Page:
I've also included the key weather sites I access multiple times a day for hurricane information and for when I'm making a passage outside or down the Chesapeake. At least it's the ones I've found useful.


Cheryl said...

You do such a wonderful job sharing info. We read your blog faithfully every day and have learned so much. AC comments are priceless! Some day will see you to thank you in person. Maybe in Key West 2018 if it's back together. Thanks again.

Lauryl Anne said...

Echo Cheryl's comments above. We are faithful followers and greatly appreciate the wealth of information you share with us. It is invaluable. We too are still up north in RI waiting for a window to head south. Not this week! Thanks again. Hope our paths cross on the way south.

David and Tricia
MV Lauryl Anne

Unknown said...

Obsession (Catalina 42) is anxiously awaiting a window in Newport too. Bob, you have become our mentor-followed you for the oast 2 years. Your blog is so informative.

Steadfast Sailing Travels said...

I am hoping for a window for Fleetwing to head safely south. However, if it is not possible we will swing by on the way from Maine. I am sure we can make you comfortable...will you navigate for food ;-) I am weary watching the weather channel!
S/V Steadfast

Bob423 said...

Cheryl, I just heard that Schooner Wharf reopened yesterday! That's about 200 ft from my dock at E14. I haven't heard anything about the marina reopening yet. They are still only letting residents into Key West. At least the city has water and electricity now. From the aerial photos I saw, Key West Bight, where my dock is located, was undamaged.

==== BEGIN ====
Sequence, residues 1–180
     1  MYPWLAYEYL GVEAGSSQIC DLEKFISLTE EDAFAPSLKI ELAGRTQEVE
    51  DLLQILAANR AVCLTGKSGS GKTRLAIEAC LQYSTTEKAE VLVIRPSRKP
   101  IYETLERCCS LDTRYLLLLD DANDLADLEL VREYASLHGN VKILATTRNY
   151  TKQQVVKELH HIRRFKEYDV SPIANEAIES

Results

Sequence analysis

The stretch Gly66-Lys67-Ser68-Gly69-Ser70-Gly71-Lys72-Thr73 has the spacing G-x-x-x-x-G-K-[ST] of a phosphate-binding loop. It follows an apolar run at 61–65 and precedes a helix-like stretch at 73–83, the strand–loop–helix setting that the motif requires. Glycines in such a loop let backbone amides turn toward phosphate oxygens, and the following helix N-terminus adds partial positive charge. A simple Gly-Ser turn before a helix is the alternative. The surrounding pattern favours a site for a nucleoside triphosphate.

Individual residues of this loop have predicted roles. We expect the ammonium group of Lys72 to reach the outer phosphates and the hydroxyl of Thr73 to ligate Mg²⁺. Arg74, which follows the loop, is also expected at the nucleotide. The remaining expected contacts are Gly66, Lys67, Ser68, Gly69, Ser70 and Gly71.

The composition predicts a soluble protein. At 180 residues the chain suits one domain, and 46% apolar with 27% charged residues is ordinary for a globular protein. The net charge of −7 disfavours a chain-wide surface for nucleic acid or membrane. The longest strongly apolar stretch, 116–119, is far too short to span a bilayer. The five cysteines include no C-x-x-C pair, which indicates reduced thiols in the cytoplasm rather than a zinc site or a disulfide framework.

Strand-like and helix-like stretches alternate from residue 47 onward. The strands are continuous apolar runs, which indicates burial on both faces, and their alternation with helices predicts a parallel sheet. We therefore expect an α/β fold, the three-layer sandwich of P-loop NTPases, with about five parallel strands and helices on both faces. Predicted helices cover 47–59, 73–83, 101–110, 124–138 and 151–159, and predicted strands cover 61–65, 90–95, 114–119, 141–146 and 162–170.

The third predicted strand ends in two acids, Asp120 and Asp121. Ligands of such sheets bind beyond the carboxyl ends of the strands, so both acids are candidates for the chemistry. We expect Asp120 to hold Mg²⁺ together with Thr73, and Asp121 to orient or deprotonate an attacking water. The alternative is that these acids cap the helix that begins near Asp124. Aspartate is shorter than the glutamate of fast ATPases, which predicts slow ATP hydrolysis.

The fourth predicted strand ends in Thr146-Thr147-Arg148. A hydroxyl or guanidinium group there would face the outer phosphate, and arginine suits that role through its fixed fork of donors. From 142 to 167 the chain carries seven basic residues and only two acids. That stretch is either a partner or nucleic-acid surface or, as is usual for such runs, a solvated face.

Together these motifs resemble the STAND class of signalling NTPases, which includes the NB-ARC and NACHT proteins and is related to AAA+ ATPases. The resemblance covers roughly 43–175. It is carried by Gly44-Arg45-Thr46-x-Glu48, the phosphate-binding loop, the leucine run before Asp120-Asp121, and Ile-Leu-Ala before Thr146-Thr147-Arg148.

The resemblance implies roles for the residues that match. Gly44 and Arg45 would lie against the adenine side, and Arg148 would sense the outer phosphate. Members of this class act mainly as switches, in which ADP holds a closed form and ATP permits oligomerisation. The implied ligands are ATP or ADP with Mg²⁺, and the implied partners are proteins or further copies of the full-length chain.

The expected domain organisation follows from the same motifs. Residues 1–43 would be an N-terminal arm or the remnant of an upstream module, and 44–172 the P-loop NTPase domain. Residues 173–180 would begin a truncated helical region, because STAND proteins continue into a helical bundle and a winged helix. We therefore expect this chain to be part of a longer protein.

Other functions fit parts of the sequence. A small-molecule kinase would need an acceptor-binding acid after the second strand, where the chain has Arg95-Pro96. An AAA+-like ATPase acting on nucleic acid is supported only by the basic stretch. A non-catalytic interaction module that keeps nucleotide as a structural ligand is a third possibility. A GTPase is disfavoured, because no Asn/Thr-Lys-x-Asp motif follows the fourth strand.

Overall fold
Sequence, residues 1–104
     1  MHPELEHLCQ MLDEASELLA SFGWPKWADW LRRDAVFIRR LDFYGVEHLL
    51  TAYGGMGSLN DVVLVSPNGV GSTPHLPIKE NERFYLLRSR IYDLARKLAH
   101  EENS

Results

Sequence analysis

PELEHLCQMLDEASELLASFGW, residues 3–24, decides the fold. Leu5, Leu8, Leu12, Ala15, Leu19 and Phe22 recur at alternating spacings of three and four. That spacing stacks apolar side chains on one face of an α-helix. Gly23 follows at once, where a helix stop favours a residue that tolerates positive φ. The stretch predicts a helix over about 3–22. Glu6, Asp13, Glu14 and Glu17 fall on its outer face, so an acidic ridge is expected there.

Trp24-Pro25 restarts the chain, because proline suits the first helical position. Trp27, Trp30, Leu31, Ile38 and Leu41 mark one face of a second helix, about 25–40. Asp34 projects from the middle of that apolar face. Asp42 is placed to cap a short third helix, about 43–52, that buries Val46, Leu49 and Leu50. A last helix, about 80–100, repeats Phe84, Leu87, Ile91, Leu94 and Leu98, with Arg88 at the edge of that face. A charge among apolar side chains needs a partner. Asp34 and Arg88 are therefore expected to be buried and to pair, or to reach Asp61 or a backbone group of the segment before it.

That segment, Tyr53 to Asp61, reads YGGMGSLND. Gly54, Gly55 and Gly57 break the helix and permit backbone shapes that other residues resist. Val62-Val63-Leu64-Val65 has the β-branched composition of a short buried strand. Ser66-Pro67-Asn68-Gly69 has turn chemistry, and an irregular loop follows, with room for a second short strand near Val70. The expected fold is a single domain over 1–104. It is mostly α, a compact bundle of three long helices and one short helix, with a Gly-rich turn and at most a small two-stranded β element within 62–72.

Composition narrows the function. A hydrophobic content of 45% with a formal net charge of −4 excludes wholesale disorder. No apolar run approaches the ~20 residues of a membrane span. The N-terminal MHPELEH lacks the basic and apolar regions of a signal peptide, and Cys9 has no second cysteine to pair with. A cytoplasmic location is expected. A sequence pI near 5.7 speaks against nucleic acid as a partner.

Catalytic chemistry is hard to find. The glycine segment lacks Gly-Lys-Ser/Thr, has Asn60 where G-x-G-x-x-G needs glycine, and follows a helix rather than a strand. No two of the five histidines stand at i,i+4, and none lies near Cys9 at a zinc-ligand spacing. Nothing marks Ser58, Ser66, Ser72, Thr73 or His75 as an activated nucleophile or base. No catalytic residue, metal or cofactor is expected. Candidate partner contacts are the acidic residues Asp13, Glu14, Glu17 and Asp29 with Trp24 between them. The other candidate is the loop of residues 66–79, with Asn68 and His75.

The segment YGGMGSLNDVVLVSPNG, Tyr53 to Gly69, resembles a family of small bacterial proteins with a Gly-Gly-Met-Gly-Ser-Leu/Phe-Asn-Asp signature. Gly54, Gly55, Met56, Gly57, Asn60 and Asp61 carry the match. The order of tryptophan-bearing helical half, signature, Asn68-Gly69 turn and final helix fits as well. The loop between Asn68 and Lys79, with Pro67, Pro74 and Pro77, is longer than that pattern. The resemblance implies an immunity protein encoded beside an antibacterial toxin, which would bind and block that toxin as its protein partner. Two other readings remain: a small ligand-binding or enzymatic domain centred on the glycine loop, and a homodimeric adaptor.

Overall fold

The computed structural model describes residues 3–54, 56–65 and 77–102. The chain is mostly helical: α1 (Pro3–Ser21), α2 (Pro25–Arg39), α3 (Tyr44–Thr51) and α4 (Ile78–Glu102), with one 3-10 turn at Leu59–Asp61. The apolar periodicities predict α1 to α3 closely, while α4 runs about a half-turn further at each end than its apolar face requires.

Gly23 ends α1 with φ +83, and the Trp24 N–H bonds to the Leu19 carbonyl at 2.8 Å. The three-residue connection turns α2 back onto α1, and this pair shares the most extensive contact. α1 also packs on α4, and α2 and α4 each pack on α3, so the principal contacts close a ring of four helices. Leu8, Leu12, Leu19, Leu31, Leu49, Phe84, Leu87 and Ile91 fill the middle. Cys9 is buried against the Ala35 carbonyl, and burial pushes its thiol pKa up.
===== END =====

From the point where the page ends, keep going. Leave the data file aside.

Lauryl, when you're in the neighboorhood, give us a shout. You can always track us on Spot, the location link is in the left column.

Janice, all of the information I share is what I've put together over the years for my own use in navigating the ICW. So I figure, why not post the information for others? It could save time and perhaps a grounding or two.

Jim, I could stand by the ICW and hold a sign, "Will navigate for food." That's a new one. As I said in my post, I'm tired of being a weatherman but one does what one has too. It's looking like the earliest date for going down the NJ coast is around 9/27 or 9/28 provided both Jose and Maria stay on schedule (Ha).

Anonymous said...

I've been following your blog for a few years now and once shared the Coast Guard anchorage in Cape May with you. Can you explain why Oct 1sr is your "no fly" date?

Bob423 said...

Anonymous, we like to spend the holidays, starting with Thanksgiving, with our kids. Our practice has been to go part way down the ICW, usually Titusville, and then leave the boat and drive back north. After Thanksgiving, Christmas and New Year's Day, we would then drive back to our boat and continue our trip south to Key West. So our requirement is to get far enough south for a dock that is close enough to Key West to reach it by February. We think we can find that balance if we leave 10/1 or perhaps even by 10/4 but at some point it becomes undoable. The undoable date is our "No-Fly Date." It's hovering around the beginning of October.